In May, home prices saw their biggest gains in 7 years, according to a report from the New York Times citing data from the Standard & Poor’s Case-Shiller home price index.
The index of home prices, which covers 20 U.S. cities, indicated a 10.9-percent gain over last year at the same time. That’s the biggest increase home prices have seen since April 2006.
The Times reports that the gain is due to several factors. First and foremost, the U.S. economy has added jobs for 31 months straight now, meaning more Americans, especially families, have the ability to buy again.
However, because construction of new homes has been down since the recession, the recent increase in demand has strained the housing market’s low inventory on desirable homes. Meanwhile, sellers are reluctant to come down on their prices or even negotiate because they’ve already been forced to heavily discount them and many are still underwater on their mortgages.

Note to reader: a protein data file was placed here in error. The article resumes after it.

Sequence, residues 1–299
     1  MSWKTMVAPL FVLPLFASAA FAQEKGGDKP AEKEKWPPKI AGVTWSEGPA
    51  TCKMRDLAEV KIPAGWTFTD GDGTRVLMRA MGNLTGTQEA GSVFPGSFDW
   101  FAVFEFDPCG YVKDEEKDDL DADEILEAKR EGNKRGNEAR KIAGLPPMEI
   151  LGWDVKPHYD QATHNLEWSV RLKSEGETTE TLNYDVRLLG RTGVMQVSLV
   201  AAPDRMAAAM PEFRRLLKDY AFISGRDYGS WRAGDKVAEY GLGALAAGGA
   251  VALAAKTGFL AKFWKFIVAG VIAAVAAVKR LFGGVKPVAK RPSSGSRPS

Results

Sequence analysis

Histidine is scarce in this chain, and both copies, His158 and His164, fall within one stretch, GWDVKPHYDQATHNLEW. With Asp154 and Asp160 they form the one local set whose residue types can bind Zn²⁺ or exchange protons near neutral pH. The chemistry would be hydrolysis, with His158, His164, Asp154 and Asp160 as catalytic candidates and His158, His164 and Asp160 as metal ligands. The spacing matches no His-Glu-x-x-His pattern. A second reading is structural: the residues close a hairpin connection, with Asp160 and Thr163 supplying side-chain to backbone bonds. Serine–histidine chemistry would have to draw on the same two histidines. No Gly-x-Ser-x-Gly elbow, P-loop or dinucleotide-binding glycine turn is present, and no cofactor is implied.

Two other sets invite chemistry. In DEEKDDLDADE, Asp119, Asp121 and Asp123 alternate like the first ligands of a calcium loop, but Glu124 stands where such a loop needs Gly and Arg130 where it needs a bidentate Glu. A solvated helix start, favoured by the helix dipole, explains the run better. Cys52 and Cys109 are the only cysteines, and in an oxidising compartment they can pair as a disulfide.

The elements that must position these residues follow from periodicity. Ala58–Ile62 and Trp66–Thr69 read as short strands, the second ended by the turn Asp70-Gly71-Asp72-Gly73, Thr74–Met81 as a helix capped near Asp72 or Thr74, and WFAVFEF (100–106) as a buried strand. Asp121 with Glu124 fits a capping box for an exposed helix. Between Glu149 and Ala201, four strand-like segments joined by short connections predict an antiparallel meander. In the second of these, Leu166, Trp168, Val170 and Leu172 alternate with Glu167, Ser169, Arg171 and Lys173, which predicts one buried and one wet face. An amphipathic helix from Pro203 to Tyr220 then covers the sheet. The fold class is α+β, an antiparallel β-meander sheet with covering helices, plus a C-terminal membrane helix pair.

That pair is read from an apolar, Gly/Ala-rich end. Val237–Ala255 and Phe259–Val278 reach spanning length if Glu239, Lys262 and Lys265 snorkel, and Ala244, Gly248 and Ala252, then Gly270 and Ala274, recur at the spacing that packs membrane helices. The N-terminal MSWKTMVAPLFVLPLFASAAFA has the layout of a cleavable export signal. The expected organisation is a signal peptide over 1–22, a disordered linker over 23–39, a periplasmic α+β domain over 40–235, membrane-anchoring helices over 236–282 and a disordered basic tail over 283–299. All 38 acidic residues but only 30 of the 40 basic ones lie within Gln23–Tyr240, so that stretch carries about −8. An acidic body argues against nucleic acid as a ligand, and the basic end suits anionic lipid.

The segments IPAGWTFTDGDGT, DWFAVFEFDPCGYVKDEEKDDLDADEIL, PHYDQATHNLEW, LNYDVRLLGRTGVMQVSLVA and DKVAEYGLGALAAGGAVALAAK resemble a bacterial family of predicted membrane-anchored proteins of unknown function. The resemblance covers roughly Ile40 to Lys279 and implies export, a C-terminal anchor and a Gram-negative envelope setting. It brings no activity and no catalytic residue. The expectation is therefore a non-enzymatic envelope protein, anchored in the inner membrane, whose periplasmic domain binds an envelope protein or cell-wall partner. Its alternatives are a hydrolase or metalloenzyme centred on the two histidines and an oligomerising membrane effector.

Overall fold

All of this has pushed prices up, which could actually be a good thing for the market since more sellers could decide to get in the game. That would drive up inventory and normalize things out a bit.
Economists expect home prices to continue their ascent and have largely dismissed talks of another housing bubble since that is typically accompanied by easy credit. And right now, many potential homebuyers are having a hard time securing a loan.
Another factor that could keep home prices up is home builders across the country are currently unable to meet rising demand due to a skilled labor shortage. If new houses can’t hit the market, the inventory stays thin and prices remain high.